My recent trek to Chicago through the winter weather on Friday to attend David’s Waukegan concert was unusual for me. At most of my recent concerts, I went as an active blogger. I spent a lot of time at past concerts gathering information about David’s career and updating myself on happenings across the fan sites.
This time, however, I purposely attended the concert as a much more low-key fan. I passed on the VIP opportunity to briefly meet David again and instead went with several fellow fans to quietly enjoy an evening of music.
Downtown Waukegan, where the concert took place, is part of a collection of northern Chicago lakeshore communities that built up along the suburban rail line in the late 1800s and early 1900s. Similar to other venues along the Christmas tour, the concert was held in a 1920s’ era movie palace that had been renovated in recent years. The cab driver told me on the way to the venue that the Genesee Theater’s renovation was part of a revitalization of the downtown area over the past few years.
I spent much of the evening reflecting and observing as I glanced around the floor and balconies. From the vantage point of my decent floor-level seat, I had the great opportunity to observe the sheer diversity of fans before the concert started. David’s strikingly diverse fanbase is both perplexing and delightful to me. I observed elderly and middle-aged couples, tweens and teenagers, women with their younger daughters, gay couples, and solo male attendees.
I wish that David’s label and PR people could figure out how to market him well. However, perhaps their difficulty in finding a focused campaign stems from the fanbase’s rather unusual diversity. I am struck by how even though the different demographic sectors of David’s fanbase don’t always see eye to eye on political, social, and religious issues (particularly related to David), there is a lot we can learn from each other.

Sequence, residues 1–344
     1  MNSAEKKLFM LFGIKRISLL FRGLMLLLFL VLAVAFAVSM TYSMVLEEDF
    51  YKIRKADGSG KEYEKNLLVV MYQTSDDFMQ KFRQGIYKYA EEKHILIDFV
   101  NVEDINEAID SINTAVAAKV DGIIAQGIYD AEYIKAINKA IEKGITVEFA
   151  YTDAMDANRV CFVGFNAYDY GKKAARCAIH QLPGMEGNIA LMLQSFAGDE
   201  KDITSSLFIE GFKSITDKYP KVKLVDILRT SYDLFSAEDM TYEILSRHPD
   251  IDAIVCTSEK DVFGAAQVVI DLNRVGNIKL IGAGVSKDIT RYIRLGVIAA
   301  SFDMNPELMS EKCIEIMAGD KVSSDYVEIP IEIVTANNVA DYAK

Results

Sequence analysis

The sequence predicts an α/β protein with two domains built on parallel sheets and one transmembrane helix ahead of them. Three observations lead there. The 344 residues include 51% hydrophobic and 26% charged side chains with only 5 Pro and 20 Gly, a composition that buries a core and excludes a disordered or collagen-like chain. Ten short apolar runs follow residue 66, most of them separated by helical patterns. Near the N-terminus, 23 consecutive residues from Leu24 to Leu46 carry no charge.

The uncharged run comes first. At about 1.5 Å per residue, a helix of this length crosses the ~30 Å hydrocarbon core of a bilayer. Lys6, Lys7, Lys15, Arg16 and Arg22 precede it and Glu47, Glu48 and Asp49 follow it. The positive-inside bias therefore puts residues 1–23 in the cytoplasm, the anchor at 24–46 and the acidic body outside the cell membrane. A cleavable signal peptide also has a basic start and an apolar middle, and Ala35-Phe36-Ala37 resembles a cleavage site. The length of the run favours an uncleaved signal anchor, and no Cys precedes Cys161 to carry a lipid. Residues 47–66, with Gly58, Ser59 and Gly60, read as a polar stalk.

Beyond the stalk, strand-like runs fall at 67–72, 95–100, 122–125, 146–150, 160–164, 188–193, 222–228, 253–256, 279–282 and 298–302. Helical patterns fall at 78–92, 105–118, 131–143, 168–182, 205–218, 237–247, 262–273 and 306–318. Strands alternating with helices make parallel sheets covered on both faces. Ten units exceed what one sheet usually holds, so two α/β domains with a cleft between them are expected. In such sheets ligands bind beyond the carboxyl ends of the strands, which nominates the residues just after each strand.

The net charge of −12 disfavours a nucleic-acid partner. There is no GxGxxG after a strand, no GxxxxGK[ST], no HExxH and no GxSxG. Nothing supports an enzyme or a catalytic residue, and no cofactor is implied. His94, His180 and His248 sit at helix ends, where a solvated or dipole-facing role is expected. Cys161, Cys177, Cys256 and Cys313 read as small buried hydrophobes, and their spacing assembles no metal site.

Could part of David’s mission (perhaps even unbeknownst to him) be to bring this diversity of people together? If we are literally in the same room with a similar focus, we have a basis to start communicating with each other. If David’s music can initially bring us together, that is the first step toward putting a human face on issues that too often divide people.
Other fans across the fan sites have already described the Waukegan concert, so I will not elaborate in great detail. However, it was delightful to hear David sing live again. His studio albums simply do not capture the energy and improvisation of his live performances. I hope that eventually he finds a producer who knows how to extract the vibe of his live performances within a studio context.
Several songs were stand-outs for me. His energetic rendition of “Feliz Navidad” was delightful. “Prayer for the Children” was incredibly soulful on a darkened stage with Kendra accompanying him on the electronic baby grand. The professional lighting and stage set added a dramatic background for a concert that connected with a diverse and energetic crowd.